Source: Lloyd's List
Source Date: 14th Mar, 2008
Source Pages: p.4.
A senior oil industry executive has said he believes the Marine Environment Protection Committee could delay its approval of revisions to Marpol Annex VI, due to be given in April, until it meets again in October for MEPC 58. The MEPC was expected to make a final decision at MEPC 57 on a strategy to reduce SOx and NOx emissions after being given three alternatives by the International Maritime Organization’s Bulk, Liquids and Gases sub-committee in February.

Zero tolerance warning on Baltic Sea spills

Zero tolerance warning on Baltic Sea spills

Source: Lloyd's List
Source Date: 14th Mar, 2008
Source Pages: p.5.
The director general of the Danish Maritime Authority, Jorgen Hammer Hansen, has warned shipowners that the industry faces a renewed crackdown in the event of a maritime spill in the sensitive Baltic Straits.

Saturday, March 15, 2008

Technology for Water Ballast Management System

New Hyde Marine Ballast Water Treatment System

Hyde Marine, Inc. recently introduced a new and more powerful shipboard Ballast Water Treatment System. The system design is based on component testing during two different independent research projects. It also benefited from lessons learned from five previously installed systems and from discussions with various regulators including the USCG, IMO, and several US states.
The first new design Hyde system was installed aboard the cruise ship Coral Princess with a ballast pump flow rate of 250 m3/hr. The installation and commissioning was completed in the spring of 2003.
Hyde Marine teamed with Aquionics, the most experienced manufacturer of medium pressure U.V. technology in the world, to offer a robust and powerful UV system as part of the redesigned and higher performance Hyde Marine BWT System. The single chamber Aquionics in-line UV is the most suitable technology for ballast water applications and was proven effective during shipboard trials on the Cape May. It also requires less space than comparable low-pressure UV units.
The Hyde Ballast Water Treatment System (HBTS) also incorporates a reliable and efficient Arkal Galaxy automatic back flush filter. The filter was supplied with both 50 and 100-micron disks, which performed exceptionally well in the Great Lakes project full-scale tests. The recently adopted IMO Ballast Water Control and Management Convention requires removal of virtually all organisms larger than 50 microns as an interim treatment standard.


Friday, March 14, 2008

International Maritime Organization must set new pollution standards, ICC says

Paris, 12 February 2008

ICC's Committee on Maritime Transport has called on the International Maritime Organization (IMO) to adopt new emissions standards for ships in the coming months.

Stricter global standards are urgently needed for the emission of nitrogen oxides (NOx) and for assessing technology to curb sulfur oxides (SOx) and particulates. These substances are known to contibute to acid rain, harm biodiversity on land and in coastal waters, and are major contributors to rising amounts of ground-level zone.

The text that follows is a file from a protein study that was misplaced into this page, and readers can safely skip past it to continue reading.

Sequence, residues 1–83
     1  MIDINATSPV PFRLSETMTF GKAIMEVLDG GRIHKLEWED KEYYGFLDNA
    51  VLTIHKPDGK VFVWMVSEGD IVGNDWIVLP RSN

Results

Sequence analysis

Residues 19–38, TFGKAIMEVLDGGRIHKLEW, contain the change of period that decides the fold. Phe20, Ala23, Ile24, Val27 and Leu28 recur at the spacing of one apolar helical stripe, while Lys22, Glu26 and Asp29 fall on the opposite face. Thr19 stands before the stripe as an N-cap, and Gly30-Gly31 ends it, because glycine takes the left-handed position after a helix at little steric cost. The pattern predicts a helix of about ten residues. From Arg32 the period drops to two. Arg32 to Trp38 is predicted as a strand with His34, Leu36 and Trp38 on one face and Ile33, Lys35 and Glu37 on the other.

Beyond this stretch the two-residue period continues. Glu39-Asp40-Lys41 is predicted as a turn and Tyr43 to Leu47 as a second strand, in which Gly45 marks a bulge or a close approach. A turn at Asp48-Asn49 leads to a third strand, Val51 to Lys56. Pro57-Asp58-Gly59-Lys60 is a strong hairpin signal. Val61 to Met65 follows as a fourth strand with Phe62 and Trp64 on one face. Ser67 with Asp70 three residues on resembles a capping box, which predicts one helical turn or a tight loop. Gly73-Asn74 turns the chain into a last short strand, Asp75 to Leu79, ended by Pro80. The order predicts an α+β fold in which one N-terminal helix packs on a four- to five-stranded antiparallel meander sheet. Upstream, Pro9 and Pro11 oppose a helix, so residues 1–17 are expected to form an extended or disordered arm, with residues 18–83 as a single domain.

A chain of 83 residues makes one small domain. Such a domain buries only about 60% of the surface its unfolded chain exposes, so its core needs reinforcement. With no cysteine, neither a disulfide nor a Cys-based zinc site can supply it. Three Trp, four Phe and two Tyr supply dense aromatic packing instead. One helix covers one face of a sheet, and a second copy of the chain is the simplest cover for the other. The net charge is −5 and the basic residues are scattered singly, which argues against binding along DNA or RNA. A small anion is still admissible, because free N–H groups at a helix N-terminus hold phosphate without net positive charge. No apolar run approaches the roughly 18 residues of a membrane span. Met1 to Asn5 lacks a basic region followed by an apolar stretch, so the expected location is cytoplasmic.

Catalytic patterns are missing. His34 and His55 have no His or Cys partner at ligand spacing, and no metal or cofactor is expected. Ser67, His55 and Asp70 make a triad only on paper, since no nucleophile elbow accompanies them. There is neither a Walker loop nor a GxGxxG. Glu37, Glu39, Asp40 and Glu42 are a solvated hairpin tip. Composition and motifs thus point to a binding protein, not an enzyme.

ICC advised that measures to address greenhouse gas emissions from ships, particularly carbon dioxide (CO2), are also necessary. New, more effective environmental standards must also take into consideration fuel availability for ships.

The IMO, a UN agency charged with developing a regulatory framewok for the world's shipping industry, is in the final stages of reviewing ways to adopt tigher standards. But to avert the proliferation of regional and local emissions regulations, the IMO must act now, ICC urged. Ohterwise, a patchwork of varying regulations would lead to operatinal difficulties, varying fuel standards, and higher costs across the board in the shipping industry, ICC warned.

Air pollution from oceangoing ships is one of the most important issues for the international maritime and port industries, especially in major ports and busy coastal areas.

Modern High Seas Piracy - An Update

Warning to ships passing the Somali Coast and other piracy-ridden waters:

Last Updated: Tuesday, 11 March 2008, 03:07 GMT

No vessel is safe from modern pirates
By Nick Rankin
BBC World Service

Pirates are not just mythological characters with peg legs, parrots and pistols. They now carry AK-47s and use speedboats to rule the high seas of the world.

Piracy is a major problem off the Somali coast
Robbery of the high seas is not confined to 18th-Century history and literature or Hollywood films - it is still very much alive today.
Ninety percent of the world's trade is still moved by sea, so it is not surprising that piracy against cargo vessels remains a significant issue.
It is estimated that seaborne piracy costs the world tens of millions of dollars a year.
Piracy peaked in 2003 with 445 attacks around the world and since then, they have more or less steadily come down.
In 2006, there were 239 attacks. Last year, the number increased slightly to 249.

Monday, March 10, 2008

technological innovations in the exploration and production sector of natural gas

3-D and 4-D Seismic Imaging - The development of seismic imaging in three dimensions greatly changed the nature of natural gas exploration. This technology uses traditional seismic imaging techniques, combined with powerful computers and processors, to create a three-dimensional model of the subsurface layers. 4-D seismology expands on this, by adding time as a dimension, allowing exploration teams to observe how subsurface characteristics change over time. Exploration teams can now identify natural gas prospects more easily, place wells more effectively, reduce the number of dry holes drilled, reduce drilling costs, and cut exploration time. This leads to both economic and environmental benefits.

Sunday, March 9, 2008

Port places £10m crane order